Middle East transhipment business set to change after Abu Dhabi signs MSC deal
The future shape of transhipment hub patterns in the Middle East Gulf looks set to ...
While much of the world has suffered tumbling trade and transport volumes during the global economic crisis, many emerging economies like the Middle East have held up well. This has brought into sharper focus the potential for such regions to become drivers of growth in global trade now and in the future.
According to Mohammed Esa, the Dubai CEO of major 3PL Agility, we are now seeing the emergence of a new Silk Route as the Middle East emerges as a new hub of international trade.
Speaking yesterday on the sidelines of the TOC Container Supply Chain Middle East conference in Dubai, Mr Esa told The Loadstar that logistics service providers and transport companies must prepare to evolve and adapt to “profound changes” in the coming years.
There have been a number of catalysts for growth between emerging markets, such as the elimination of trade barriers and increasing household buying potential. Mr Esa explained: “Almost 60% of about one million households that make more than $20,000 a year will in the next 15 years be living in the developing world. If you think about population growth and where it is coming from, we’re expected to be at about nine billion people by the year 2050.”
But he emphasised that the single most important factor driving growth in the Middle East is its massive infrastructure investment, with oil prices and economic diversification creating a boom of airports, ports and railways connecting the region, as well as schools, hospitals and other infrastructure.
“On average, emerging economies have outpaced developed ones by a margin of about three to one,” he said. “The Economist Intelligence Unit says that by 2015, almost 41% of the world’s GDP will come from countries that are currently defined as emerging markets.
“Over the next five years, two thirds of economic growth will come from this region, from the emerging markets. Even in the most pessimistic scenarios for global growth, the emerging markets are going to outperform developed markets significantly for decades to come.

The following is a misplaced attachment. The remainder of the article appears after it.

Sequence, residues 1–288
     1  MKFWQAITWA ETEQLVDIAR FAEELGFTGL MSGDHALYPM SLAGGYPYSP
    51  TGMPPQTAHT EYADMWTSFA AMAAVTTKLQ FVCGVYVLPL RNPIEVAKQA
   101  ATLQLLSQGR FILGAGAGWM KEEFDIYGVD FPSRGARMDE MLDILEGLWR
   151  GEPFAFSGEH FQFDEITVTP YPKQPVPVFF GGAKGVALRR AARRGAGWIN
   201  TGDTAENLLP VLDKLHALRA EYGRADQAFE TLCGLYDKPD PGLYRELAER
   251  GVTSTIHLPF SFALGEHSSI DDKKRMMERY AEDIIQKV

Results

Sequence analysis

“History tells us that economies that control trade and investment corridors shape global competition. Over the past decade those corridors have increasingly been occupied by emerging markets. As a result of that what we are now witnessing is the emergence of a new Silk Route, led by China.”
Mr Esa predicted that trade between Asia, the Middle East, Latin America and Africa could soon eclipse the trade between developed nations and emerging nations.
In 2009 China overtook the United States as the largest trading partner of the Middle East. “That trade alone is expected to be worth over $500bn in the next 15 years and last year the Asia-Middle East trade was worth over $400 billion,” he explained.
“Ten of the top 15 trading partners in Asia Pacific come from within the same region and roughly a third of the £15 trillion of world trade that takes place today is conducted between emerging and developing economies.”
He warned that these “profound trends” have far reaching implications. “Changes of this dimension will call for a response that is strategic – long term and with visionary thinking. Companies will have to rethink every aspect of their operations, including but not limited to product portfolios, research & development, marketing, supply chain management and talent development.”
He added that emerging markets will have to become central to companies’ planning if they want to compete, but he also warned that emerging markets are much higher risk than developed markets.
“The obstacles that some of us have seen over the years could include political instability like the Arab Spring, complex regulatory procedures, language, cultural values and logistics infrastructure, which is so different in emerging economies. So a one-size-fits-all strategy does not work across the region.
“It becomes very important for companies to partner with the right service providers who are equipped to deal with these stumbling blocks. And those services providers and partners could be port operators, carriers, shipping lines, airlines, forwarders – everyone has a role to play.”
Mr Esa argued that logistics service providers and transport companies are a key component in development of international trade.
“We are a key enabler,” he said. “It is important that we continue to evolve and adapt to these changes and stay abreast of changes that are happening in infrastructure, regulation, legislation and keep our customers in the loop.
“Having a global footprint with local resources and knowledge in these countries is very important to overcome potential obstacles.
“Given the trends of this past decade one thing is clear; emerging markets are not just growing rapidly, they are finding opportunities to grow through trade and investment with each other.”
The Agility chief believes these developments present a unique opportunity in the Middle East region. “How we respond and take advantage will have a profound impact on all of our businesses in the years to come.”